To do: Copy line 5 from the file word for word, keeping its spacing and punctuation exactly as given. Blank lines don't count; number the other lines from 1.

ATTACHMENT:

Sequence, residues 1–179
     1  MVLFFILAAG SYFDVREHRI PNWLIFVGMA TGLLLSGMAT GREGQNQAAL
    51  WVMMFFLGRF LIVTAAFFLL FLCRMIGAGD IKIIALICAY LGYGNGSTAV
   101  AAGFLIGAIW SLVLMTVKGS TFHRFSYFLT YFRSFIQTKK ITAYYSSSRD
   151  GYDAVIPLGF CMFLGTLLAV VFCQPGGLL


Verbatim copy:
   151  GYDAVIPLGF CMFLGTLLAV VFCQPGGLL